My email address has changed: uncleghee @Hotmail.com and my surface mail address now is Michael Moran - Quinta Sta. Micaela - Bairro Novo, 2710 Sintra, Portugal. A few back copies of FREEP would be helpful if I am to function in the near future as your European Desk.
I hope this finds Dotty's foot is better, the step fixed, and you all in good health and a good holiday mood. I look forward to any reply or compensation I might earn. Say hello to Dick and Big Al. Best to Sam wherever he is now.
(This is appently from 1999, no date is shown.)
PORTUGAL breaks rank with EU "drug policy;" Parliament "decriminalizes" personal possessions
Lisboa, Portugal - Four years ago when the Portuguese Communist Party called for legalizing "cannabis," most here tossed it off as another wild idea from the radical left.
Last year, just before EXPO-98 opened in May, both the President of the Republic, who has lost a daughter three years ago in a "hard drug" overdose, and the President of the Parlimaent called for "legalizing" all Drugs, making the Government the main source of supplies. After a couple of weeks of wrangling by the Press & Media, most just figured this was a "trial balloon" and would fade in a short time.
This year, however, many more in high government positions have called for "legalizing" either "all drugs" or following the Dutch "koffie shop" model for separating "soft" and "hard" drug consumption. In late March, the brother of the President of the Republic, himself the leading psychiatrist in the Drug Rehab field here, said "something had to be done soon." And it was.
In April, without much debate at all, after public comments by Pres. Sampao, the Prime Minister Dr. Guterres, the Pres. of the Assembly Dr. Santos, the Minister of Justice Dr. Socrates, the Minister of Internal Affairs Dr. Coehlo, the Pres. of the Supreme Tribunal Dr. Ferreira, the Director of the National Police (like [the American] FBI) Dr. Negrao and the Minister of Commerce, and leading medical and rehab professionals in the Press and on tv, the Parliament has "decriminalized" personal possession of marijuana and hashish. No longer will you have to go to jail for simple possessions. A fine will be levied instead. And if young people pay any more attention to these summons than they now do to traffic fines, it'll be a real miracle.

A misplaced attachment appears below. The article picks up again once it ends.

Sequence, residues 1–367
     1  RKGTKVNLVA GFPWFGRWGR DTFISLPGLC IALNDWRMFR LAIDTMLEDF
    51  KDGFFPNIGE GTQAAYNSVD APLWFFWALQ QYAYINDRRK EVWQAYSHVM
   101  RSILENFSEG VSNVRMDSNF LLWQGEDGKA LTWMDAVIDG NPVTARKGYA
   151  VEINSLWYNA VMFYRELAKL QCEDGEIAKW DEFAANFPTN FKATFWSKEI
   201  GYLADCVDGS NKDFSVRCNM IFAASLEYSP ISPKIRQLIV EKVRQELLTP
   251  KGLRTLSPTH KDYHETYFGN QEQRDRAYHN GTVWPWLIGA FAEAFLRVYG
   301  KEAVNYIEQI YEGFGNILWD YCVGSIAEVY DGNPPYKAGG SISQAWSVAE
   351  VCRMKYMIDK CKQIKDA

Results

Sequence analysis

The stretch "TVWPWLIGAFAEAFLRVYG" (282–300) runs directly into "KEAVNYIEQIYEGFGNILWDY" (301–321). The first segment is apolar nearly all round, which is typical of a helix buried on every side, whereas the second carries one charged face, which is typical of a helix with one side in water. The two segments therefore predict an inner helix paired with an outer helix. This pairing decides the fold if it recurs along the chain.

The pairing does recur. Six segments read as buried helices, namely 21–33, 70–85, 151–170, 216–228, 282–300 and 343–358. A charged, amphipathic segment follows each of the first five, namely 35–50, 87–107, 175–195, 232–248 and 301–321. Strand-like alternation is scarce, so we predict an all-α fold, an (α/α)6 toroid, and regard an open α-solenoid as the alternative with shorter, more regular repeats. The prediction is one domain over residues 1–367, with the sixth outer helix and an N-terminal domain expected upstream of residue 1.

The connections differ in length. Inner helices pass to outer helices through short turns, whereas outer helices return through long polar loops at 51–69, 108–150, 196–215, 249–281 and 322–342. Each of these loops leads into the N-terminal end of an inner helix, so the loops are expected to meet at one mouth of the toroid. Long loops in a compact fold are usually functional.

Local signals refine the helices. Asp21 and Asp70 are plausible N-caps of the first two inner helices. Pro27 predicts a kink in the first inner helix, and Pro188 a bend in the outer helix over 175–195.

Lisboa must be the most scofflawed City in Europe, where periodically the government gives broad Amnesties to thousands for the billions of escudos that people have accumulated and ignored. What is news, is that the Portuguese government seems ready to bite the bullet on "hard drugs" and begin furnishing "treatment on demand" and a social net that assists these young people as they break away from their addictions.
As the EU [grapples] with how to come to an equitable and uniform "drug policy" by year's end, the Portuguese and Dutch have offered a more humane and pragmatic approach, like 500 years ago when these two seafaring nations took a different tack and discovered a sea route to the Spice Trades and India, than the American "drugs war" mind-set that the Clinton-Gore team seems destined to impale itself on.
Here in Portugal, with 11-month-long growing seasons, grapes and palm trees everywhere and a large annual tourist industry, a fledgling koffie shop/sidewalk cafe ambiance can be seen to be rising slowly. None to soon for this old psychedelic reprobate enjoying this warm climate after 3-1/2 years in Holland.
Queries about submissions to the Guest Opinion Page should be made to JoBeth Briton, Editor, Little Rock Free Press, 165117, Little Rock, Arkansas 72206. Or email to Attention of Editor at FREEP@aristotle.net. Or fax by calling 501-372-4769. All queries must be signed and include a phone number.
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USA Today (newspaper), endorses Medical Marijuana.Courtesy of NORML (USA), and signatory.>>>NATIONAL ORGANIZATION FOR THE REFORM OF MARIJUANA LAWS
>>>1001 CONNECTICUT AVENUE NW
>>>WASHINGTON, D.C. 20036
>>>T 202-483-5500 * F 202-483-0057
>>>.. a weekly service for the media on news items related to Marijuana
>>> July 18, 1996
>>>   ; USA Today Endorses Access To Medical Marijuana
>>> July 18, 1996, Arlington, VA: USA Today, the nation's most widely read
>>>daily newspaper, has endorsed access to medical marijuana. The endorsement
>>>stemmed from a USA Today editorial entitled "Anti-drug focus keeps marijuana
>>>from the ill" and came just two days after the newspaper featured a major
>>>article on a California ballot initiative that would allow seriously ill
>>>patients to use marijuana as a therapeutic agent with a doctor's
>>> Calling marijuana "one of the least toxic medical compounds in the
>>>world," the editorial cited both marijuana's relative safety when compared
>>>to other legal drugs and medicines and decades of scientific and anecdotal
>>>research maintaining its medical efficacy.
>>> "It is entirely possible to fight the drug war without harming innocent